Camp Martin Travels

These entries will be a combination of historical day trips, graduate level travel courses, and just little stops along the way. I have been teaching 8th grade American History for over 25 years. I am also a Civil War Reenactor and have traveled to Germany and Austria with several groups of exchange students and written about our adventures. Please check all my posts by using the monthly Blog Archive tabs shown below. I have posted over 150 Blog Episodes since 2009... Please explore them all!

Sunday, November 14, 2010

Revisiting Three Mile Island

 Revisiting Three Mile Island
Harrisburg, Pennsylvania

Nuclear Accident Historical Marker
Time to look back in time to a traumatic event from my childhood that threatened Pennsylvania and impacted the region to the present day .  In 1979, Metropolitan Edison's Unit # 2 reactor at Three Mile Island nuclear power plant overheated and spread panic throughout the nation.  I was a student at Warwick Middle School and remember the fear that the event instilled in the people of Lancaster County.  For years prior to the event, scientist critics and left over hippies from the 60's were warning the world of the dangers of nuclear energy.  They preached the common "Dooms Day" scenario that suddenly became a real possibility and played out vividly in people's minds.

 Potential Fall Out Zone
Events began to play out in the early morning hours of March 28, 1979 in Unit # 2 when a combination of mechanical and human errors combined to create a partial meltdown of the reactor's core.  Over a period of five long days, confusion over what actually happened and how dangerous released gases and radiation might be to the public led to fear and uncertainty.  At first, Pennsylvania Governor Dick Thornburgh stated that officials at Metropolitan Edison ensured him there was little threat to the public.  However, conflicting statements were issued by other state government leaders which generated more uncertainty, especially for local residents.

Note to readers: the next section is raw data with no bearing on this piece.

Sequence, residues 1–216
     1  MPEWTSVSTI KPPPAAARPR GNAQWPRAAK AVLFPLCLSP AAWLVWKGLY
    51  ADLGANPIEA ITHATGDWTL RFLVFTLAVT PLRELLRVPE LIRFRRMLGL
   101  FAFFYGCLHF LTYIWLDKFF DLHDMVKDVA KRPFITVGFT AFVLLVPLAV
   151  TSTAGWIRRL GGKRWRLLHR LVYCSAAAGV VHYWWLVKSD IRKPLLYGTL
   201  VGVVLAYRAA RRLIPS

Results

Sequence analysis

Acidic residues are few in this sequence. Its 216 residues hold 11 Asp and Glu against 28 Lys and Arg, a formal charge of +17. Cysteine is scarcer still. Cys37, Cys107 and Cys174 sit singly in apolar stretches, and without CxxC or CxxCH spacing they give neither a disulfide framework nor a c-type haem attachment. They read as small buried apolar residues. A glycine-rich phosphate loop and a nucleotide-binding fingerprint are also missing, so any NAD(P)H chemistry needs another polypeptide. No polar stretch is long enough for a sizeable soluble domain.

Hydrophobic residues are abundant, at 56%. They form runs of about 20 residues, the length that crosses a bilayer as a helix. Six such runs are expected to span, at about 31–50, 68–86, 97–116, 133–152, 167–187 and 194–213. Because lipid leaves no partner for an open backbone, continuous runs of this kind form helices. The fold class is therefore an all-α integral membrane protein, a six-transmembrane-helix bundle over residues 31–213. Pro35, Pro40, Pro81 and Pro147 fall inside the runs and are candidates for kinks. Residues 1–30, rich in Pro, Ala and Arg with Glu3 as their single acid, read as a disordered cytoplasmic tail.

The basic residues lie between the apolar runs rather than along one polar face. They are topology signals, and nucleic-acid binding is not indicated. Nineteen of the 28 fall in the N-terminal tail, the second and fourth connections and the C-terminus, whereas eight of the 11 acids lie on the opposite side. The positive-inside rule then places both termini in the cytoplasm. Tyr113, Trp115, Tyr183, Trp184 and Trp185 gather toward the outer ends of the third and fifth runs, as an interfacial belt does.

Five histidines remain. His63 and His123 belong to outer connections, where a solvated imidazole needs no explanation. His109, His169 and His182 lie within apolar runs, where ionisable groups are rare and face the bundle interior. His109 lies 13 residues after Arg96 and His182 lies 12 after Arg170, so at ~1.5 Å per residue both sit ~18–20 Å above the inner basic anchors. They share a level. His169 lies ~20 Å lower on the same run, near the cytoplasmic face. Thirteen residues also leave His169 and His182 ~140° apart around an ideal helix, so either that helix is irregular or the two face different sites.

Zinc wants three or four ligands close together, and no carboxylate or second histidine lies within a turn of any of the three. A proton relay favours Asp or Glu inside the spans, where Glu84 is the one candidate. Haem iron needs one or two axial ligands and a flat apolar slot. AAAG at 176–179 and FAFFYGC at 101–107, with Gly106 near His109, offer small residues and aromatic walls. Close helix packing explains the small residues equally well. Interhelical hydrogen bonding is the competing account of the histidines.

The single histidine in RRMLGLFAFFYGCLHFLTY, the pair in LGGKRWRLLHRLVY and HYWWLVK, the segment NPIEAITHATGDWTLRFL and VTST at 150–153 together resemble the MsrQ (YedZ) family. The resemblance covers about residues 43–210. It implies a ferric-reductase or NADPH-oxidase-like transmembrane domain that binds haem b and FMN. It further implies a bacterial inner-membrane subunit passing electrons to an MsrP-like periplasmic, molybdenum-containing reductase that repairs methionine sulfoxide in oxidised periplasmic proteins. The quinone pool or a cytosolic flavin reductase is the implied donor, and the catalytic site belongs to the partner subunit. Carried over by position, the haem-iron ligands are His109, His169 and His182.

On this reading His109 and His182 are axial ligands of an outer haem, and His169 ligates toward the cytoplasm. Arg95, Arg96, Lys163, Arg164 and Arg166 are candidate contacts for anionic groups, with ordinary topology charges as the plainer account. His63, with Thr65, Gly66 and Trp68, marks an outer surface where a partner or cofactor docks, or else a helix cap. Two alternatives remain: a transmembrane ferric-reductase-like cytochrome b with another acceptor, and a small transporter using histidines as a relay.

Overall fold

Unit # 2 Control Room
(Photo Credit / The Patriot News)
Members of the press were trying to sort through facts and rumors but when on CBS news anchor Walter Cronkite, the most trusted man in America, said a green cloud had been seen in the air over the complex, real fear took hold of the nation.  Within a few days, Governor Thornburgh issued a voluntary evacuation for pregnant women and young children living within a five mile radius of the power plant.  Schools were closed and people were advised to stay indoors.  Within days, over 140,000 people left the area to seek a safe haven elsewhere.  I still remember my mother packing essential items in boxes and loading them in the trunk of our car in case we needed to make a quick exit and evacuate. It was a very unsettling feeling not knowing what might happen next.  

President Carter's Motorcade
(Photo Credit / The Patriot News)
The crisis began in the middle of the week and by Friday I went to school and discovered I was in the minority.  Most of my classes were now more than half empty as many of my classmates evacuated or were staying indoors for their own safety.  Maybe my parents sold me out as a guinea pig for a state government research team but I didn't turn green or wake up with rabbit ears, at least not yet.  Eventually people breathed a sigh of relief when President Jimmy Carter visited the site in person to send a message to the public that things were under control and all was well.  If the President of the United States wasn't afraid, well... time to put a lid on panic and get back to some degree of normalcy.  Reactor # 2 was shut down and was slowly dismantled as a long term investigation took place.  Three Mile Island was the worst nuclear accident in the history of the United States.  The extensive investigation led to new safety regulations for power plants around the world.

Unit # 2 Cooling Tower Skeleton